Latest California shooting reveals repeated failure in gun control
By Lance Crayon
People's Daily app

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Surviviors from the mass shooting in Thousand Oaks, California comfort one another on November 8, 2018. (Photo: AP)

On November 8, a former Marine who may have had PTSD, opened fire inside a bar, killing 13 and wounding 10 in Thousand Oaks, California.

Before 28-year-old Ian David Long began shooting, he threw smoke bombs into the crowded night spot. During his rampage, he fired at least 30 shots from a legally purchased .45-caliber Glock handgun. Afterward, Long’s body was found, dead from a gunshot wound. It wasn’t immediately clear if Long had committed suicide or was killed by someone else.

There isn't a standard definition for the term “mass shooting.” It is typically applied to gun-related incidents where at least four people, excluding the gunman, are killed by firearms.

Earlier this year, weeks before the summer break was to begin, a 17-year-old white male shot and killed 10 and critically wounded 10 others at Santa Fe High School in Southeast Texas. The 17-year-old student opened fire inside of a classroom using his father’s sawed-off shotgun and pistol.

In response to the school shooting, the US Department of Education said in a statement, “Every day, the Federal Commission on School Safety is working to identify proven ways to prevent violence and keep our students safe at school.”  The DoE also emphasized how society would need to work together to address the "underlying issues" that cause school shootings. 

Safeguarding classrooms from gun violence has supposedly been the goal of both Democrats and Republicans. Federal funds allocated for education can now be used to purchase weapons and provide firearms training for teachers and school employees.

Earlier this year, the DoE released a study that claimed during the 2015-16 school year there were 235 school shootings in America.

Journalists with National Public Radio (NPR) investigated the report and found that only 11 school shootings had occurred, while 161 had never happened.

One school claimed a school shooting after a student had accidentally left behind a hunting rifle in his car.  The gun was never discharged.

Incorrect statics are nothing new from Republicans or Democrats. After a gunman opened fire on a crowd of concert-goers in Las Vegas in 2017 killing over 50 people, Democratic House Minority Nancy Pelosi incorrectly stated there had been a mass shooting in America for 273 consecutive days.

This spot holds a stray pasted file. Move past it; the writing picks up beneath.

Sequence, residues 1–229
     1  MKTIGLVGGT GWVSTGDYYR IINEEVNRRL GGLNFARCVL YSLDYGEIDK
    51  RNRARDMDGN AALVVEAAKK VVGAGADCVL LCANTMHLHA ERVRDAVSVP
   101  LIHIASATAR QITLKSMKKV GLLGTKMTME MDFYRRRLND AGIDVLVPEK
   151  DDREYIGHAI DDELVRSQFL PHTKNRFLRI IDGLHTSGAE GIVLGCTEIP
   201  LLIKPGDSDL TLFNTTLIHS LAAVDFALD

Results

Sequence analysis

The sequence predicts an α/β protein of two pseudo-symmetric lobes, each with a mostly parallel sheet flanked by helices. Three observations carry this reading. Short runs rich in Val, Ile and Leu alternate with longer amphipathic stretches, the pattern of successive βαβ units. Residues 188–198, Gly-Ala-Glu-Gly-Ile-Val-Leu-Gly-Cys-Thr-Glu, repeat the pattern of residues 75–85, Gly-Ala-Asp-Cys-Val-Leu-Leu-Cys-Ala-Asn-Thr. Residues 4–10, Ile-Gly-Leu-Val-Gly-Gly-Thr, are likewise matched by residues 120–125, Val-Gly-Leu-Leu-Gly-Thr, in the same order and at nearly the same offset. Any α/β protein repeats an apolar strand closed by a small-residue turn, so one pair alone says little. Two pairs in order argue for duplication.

A study from Northwestern University published after the Douglas High School massacre in Florida, a school shooting that claimed 17 lives, found that mass shootings at schools where at least four fatalities occurred are at an all-time low. One of the study’s researchers said, “Four times the number of children were killed in schools in the early 1990s than today.”

The same report also noted how US schools have been dealing with a guidance counselor shortage. Four years ago, the student-to-school counselor ratio was 482-to-1, double the expected standard. With less money spent on counselors and more on security measures, educational institutions will evolve into fortresses, or jails.

Two measures that have shown consistent results in reducing gun-related fatalities include red flag laws and gun permit restrictions.

A red flag law gives law enforcement or a family member the right to report someone they feel is a threat to themselves or others. The person in question is not immediately stripped of their firearms as the process takes weeks before a judge decides the fate of their guns.

In 2005, Indiana became the second US state to implement red flag laws and reported a 7.5 percent drop in gun-related suicides in the same year. Two years later, following a mass shooting at a university in Virginia, gun-related suicides dropped 13.7 percent.  

Red flag laws have shown positive results, they offer no guarantees and need further development. California was also one of the first states to pass red flag laws and might have prevented the mass shooting on November 2. Reports have emerged that local law enforcement interviewed Logan at his home last spring after “an episode of agitated behavior that they were told might be post-traumatic stress disorder.”

Gun permit regulations are effective, but they hurt gun sales and make it harder to purchase firearms.  Currently, 36 states do not require gun buyers to have a permit. According to Cassandra Crifasi with the Center for Gun Policy and Research at the Johns Hopkins Bloomberg School of Public Health, one study found that firearm homicides dropped almost 14 percent in states that required gun permits.

Days after the Douglas shooting, Wal-Mart and Dick’s Sporting Goods announced they would change their age requirement to purchase firearms from 18 to 21. Both retail chains sell rifles and semi-automatic weapons. Within a week, both companies were slapped with a lawsuit filed by a 20-year old Oregon man citing age discrimination after two store locations prevented him from purchasing a rifle because he wasn’t old enough. 

As red flag laws and gun permit regulations have had a positive impact, a focus on those measures would help them develop even further and serve society better, rather than fighting fire with fire by bringing more guns into classrooms.